That evening, Christmas Eve, the candles on the community Christmas tree were lit, and all the adults came to watch our Christmas play. Everyone remembered their lines, and the choir sang some beautiful, Hungarian Christmas songs. Many people had tears in their eyes. And if that wasn’t enough, each of the children were given a present from underneath the tree.

When I opened mine, I found a pair of pink, fuzzy mittens and matching scarf in the box, and inside one of the mittens, there was a little note, written in English: "Merry Christmas from Mary Anne in Buffalo, New York, United States of America." Imagine that! A gift from a girl all the way in America! I wondered how old she was, what she looked like, and what she liked to do. I couldn’t help but think of her as I drifted off to sleep that night.

When I awoke on Christmas morning, the sun was shining brightly. I heard noises coming through the thin wooden boards of the barrack.

"Good morning, sweetheart. Merry Christmas," Grandmother said cheerily.

"Why is there so much noise out there already?" I asked sleepily, rubbing my eyes.

"Well, I guess some early rising children are enjoying all the newly fallen snow."

"Oh, did it snow?" I asked, leaping from the cot and reaching for some warm clothes to put on. "How wonderful! Where is Grandfather?"

"He and some of the other men are shoveling some paths, so people can go for their breakfast, and then to church."

Within seconds, I was out there, too, marveling at nature’s power to turn a drab refugee camp into a pristine, winter wonderland!

Soon, the surrounding, snow-covered hills were filled with squealing Austrian children, sledding down those hills in their new Christmas sleds, or flying down on their new skis. Meanwhile, refugee camp children built snow men, had snowball fights, and made snow angels, squealing with just as much delight. Nature's gift of snow was free for everyone to enjoy!

As I stood there and gazed at the beautiful snow covered mountains, my heart filled with joy and I said a quick prayer of thanks. For those few days in 1947, it didn’t matter that we were in a refugee camp. From the angel in the fur coat who bought us pastries, to the candles on the Christmas tree, the joyful school play, the unexpected presents, and the fluffy white snow, God had made our holiday extra special.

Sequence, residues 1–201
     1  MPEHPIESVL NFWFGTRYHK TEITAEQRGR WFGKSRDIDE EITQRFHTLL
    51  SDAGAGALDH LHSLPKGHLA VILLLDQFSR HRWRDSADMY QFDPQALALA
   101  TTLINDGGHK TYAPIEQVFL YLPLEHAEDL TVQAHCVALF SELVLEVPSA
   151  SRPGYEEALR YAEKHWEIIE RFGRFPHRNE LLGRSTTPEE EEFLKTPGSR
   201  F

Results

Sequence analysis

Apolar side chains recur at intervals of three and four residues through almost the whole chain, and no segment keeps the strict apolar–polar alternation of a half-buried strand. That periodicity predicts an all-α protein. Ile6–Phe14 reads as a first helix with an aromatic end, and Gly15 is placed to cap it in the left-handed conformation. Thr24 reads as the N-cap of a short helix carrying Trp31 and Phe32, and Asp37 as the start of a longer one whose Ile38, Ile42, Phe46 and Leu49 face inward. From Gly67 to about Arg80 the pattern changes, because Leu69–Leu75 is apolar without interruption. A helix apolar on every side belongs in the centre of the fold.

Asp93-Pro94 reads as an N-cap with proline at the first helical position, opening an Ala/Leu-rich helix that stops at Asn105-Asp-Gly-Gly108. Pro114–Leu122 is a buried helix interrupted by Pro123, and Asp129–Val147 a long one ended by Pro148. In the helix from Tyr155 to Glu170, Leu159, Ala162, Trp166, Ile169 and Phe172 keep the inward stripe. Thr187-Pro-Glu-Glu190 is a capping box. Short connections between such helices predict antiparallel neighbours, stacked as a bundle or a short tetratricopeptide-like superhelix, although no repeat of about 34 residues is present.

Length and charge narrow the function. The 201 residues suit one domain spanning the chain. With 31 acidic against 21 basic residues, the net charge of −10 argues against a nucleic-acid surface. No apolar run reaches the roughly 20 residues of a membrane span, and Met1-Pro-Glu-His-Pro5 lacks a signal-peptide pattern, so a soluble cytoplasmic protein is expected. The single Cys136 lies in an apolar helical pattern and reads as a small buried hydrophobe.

Have a Merry and Blessed Christmas, everyone! Thank you for visiting and reading my little story. God bless you!

"Unexpected Gifts" was first published in, Whispers from Heaven Magazine, in 2002. Copyright by Renie Burghardt

The picture of the snow covered mountains is of a mountain range in Carinthia, Austria, courtesy of

My Two New Awards

It's a mild but rainy Thursday morning in the woods. I thought it's a good morning to show you my two newest awards. They are both from sweet, Karen at Karen's Korner. Thank you Karen for the beautiful "Your Blog is a Treasure" award and the cute "Bodacious Blog" award. I appreciate you thinking of me, and will post these awards on my side bar after Christmas, along with the other three awards waiting to be posted. In turn, I would love to give these two awards to all the wonderful friends that take time out of their day to visit here. You are all Treasures, and you're all Bodacious, and I am thankful for your visits and comments! Please pick them up, if you'd like to have them, and display them on your site.

Tomorrow morning I will attempt to post my Christmas blog. Have a wonderful day, as you are getting ready for the holiday.

Sunday, December 16, 2007

No Snow In My Neighborhood!

The weather predictions for Saturday were ominous, with freezing rain and snow in the forecast. Well, we had torrential rains all day, but by the time the temperatures dropped to freezing, late at night, most of the moisture was gone. Oh, we did get a dusting of snow, but that melted as soon as the sun came out this morning. So, no snow in my neighborhood, to take beautiful pictures of. (Thank goodness!) But it was a beautiful, sunny day, and I decided to take some pictures anyway.

The small pond is at the northern edge of the field. It isn't a fancy pond, it is a wildlife pond. Behind the pond are the woods. The pond, field and woods are a nice habitat for the wildlife that live around here. And the birds always find water to drink or bathe in.

The field is east of the house, and it is where the deer and wild turkeys like to congregate. Behind the field are some more woods.

The grass is brown nowadays, and some of the oaks which hang on to their leaves until spring, are somewhat drab, but I like my snow-less landscape. It has its own "rustic" charm.

Of course, it never fails. Whenever I'm outside, the deer appear. Here is a doe and her teen aged fawn, posing for me nicely.

And here comes another doe with her twin fawns. The fawns will hang out with "mom" even after she has new "kids," next spring, and even after they give birth to their own young. The bucks stay with "mom" for about a year, after that they join the "boys," who usually hang out together in the woods.